Freeman Cebu Business

Rice shortage: Revisit what we taught to the Thais

FULL DISCLOSURE - Fidel Abalos - The Freeman

As has always been, among professionals and businessmen, whether in the board room, coffee shops or barbershops, the dollar’s strength (hovering around P58 to a dollar), oil prices (near US$90 per barrel), the inevitable price increases of basic commodities and food insecurity concerns will either top or end their discussions. Same is true among peddlers and street vendors as they try to think and argue to justify their existence in sidewalks and gutters. Amusingly, almost everyone has become instant economic pundits brandishing their in-depth analysis on the nation’s current financial health.

Indeed, we can’t help but agree on that aphorism that Filipinos have very short memory.  To recall, a few decades ago, whether in the same informal talks or discussions or economic briefings, we didn’t hear anything but complaints about the strength of the peso. As if, nobody is happy, not anyone gained. In fact, when it was at its strongest on February 28, 2008 at P40.40460 to a dollar, calls for civil disobedience were even floated.

Likewise, just about a year and seven months ago, (on October, 2022), when the monthly average exchange rate was a seemingly uncontrollable P58.825 to a dollar, both educated and unschooled critics became instant prophets of doom. Doomsayers, as they have always been, were trumpeting here and there that the country was holed into a bottomless pit, a hopeless situation.

Yes, inflation rate then was high (5.82%). Gasoline prices seemed unreachable. Fares then went up. Basic commodities appeared as valuable as gold for the underprivileged Filipinos.  Poverty-stricken, most of our brother Filipinos settled for crumbs just to fulfill their modest desires to half-fill their empty stomachs.

The truth though is, whatever direction the peso goes, certain demographics will always benefit. Exporters, outsourcing companies and OFWs rejoice when it depreciates and importers cheer when it appreciates. Sadly, the rest will just have to navigate or simply bear the consequences of it.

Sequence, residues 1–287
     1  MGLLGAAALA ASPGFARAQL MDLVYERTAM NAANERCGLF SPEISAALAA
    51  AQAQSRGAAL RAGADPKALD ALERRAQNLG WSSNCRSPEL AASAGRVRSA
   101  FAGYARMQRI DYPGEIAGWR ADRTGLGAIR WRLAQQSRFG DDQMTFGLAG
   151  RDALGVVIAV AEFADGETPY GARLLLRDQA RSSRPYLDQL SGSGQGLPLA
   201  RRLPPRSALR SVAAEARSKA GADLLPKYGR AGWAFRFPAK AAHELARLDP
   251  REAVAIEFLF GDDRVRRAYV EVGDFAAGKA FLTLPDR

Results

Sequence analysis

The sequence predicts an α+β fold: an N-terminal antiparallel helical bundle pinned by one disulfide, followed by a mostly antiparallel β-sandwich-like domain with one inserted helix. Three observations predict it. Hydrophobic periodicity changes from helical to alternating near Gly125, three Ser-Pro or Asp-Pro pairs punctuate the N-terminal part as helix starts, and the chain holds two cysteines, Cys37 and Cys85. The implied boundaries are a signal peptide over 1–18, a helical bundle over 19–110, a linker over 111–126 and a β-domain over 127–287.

However, we can find some solace in the fact that while the US dollar is strengthening, the U.S. Energy Information Administration expects that the voluntary OPEC+ crude oil production cuts and ongoing geopolitical risks will just keep the Brent crude oil spot price near US$90 per barrel for the remainder of 2024.” They are expecting though that it will fall to an “average of US$85 per barrel in 2025 as global oil production growth picks up.”  Therefore, whatever increases will be purely attributable only to the US dollar’s strength.

What is worrying really is the fact that we import some of our very basic needs.  Here, the impact will be badly felt. No.1 on the list is rice. Remember, according to the US Department of Agriculture, with a projected volume of 3.8 million tons, we will remain as the world’s biggest importer this year.

What makes the situation worse for us is the recent development from our traditional sources of rice imports, Thailand, India and Vietnam. Notably, exports from Thailand and Vietnam (due to the ongoing dry spell) and India (due to its export restrictions) dropped by a total of 5.5 million tons.  Simply put, globally, supply will reduce significantly. Thus, the higher probability that global prices will increase. Now, as we cover our rice supply shortages through imports from these countries, this development (coupled with the US dollars strength), will make prices of this commodity unreachable to most of our brethren.

Indeed, gone are the days when rice import was just a temporary solution. A temporary solution for our rice supply shortages. Shortages that only occurred when there were severe droughts or when devastating typhoons came in rapid successions.

As importation has become the country’s default, our current situation begs an answer to that nagging question. As to whether our shortage is, indeed, permanent or just temporary. If it is temporary, then, importation is the most appropriate solution. If it is permanent, then, we have to do something else. Remember, rice exporting countries have their own share of these calamities too. Therefore, that should not be an excuse.

In squarely addressing it, probably, we can start by revisiting what we taught to the Thais when they were still our tutees. Lest we forget, we always bragged about training them on rice farming. Didn’t we? We can, therefore, safely assume that we did everything right in teaching them.

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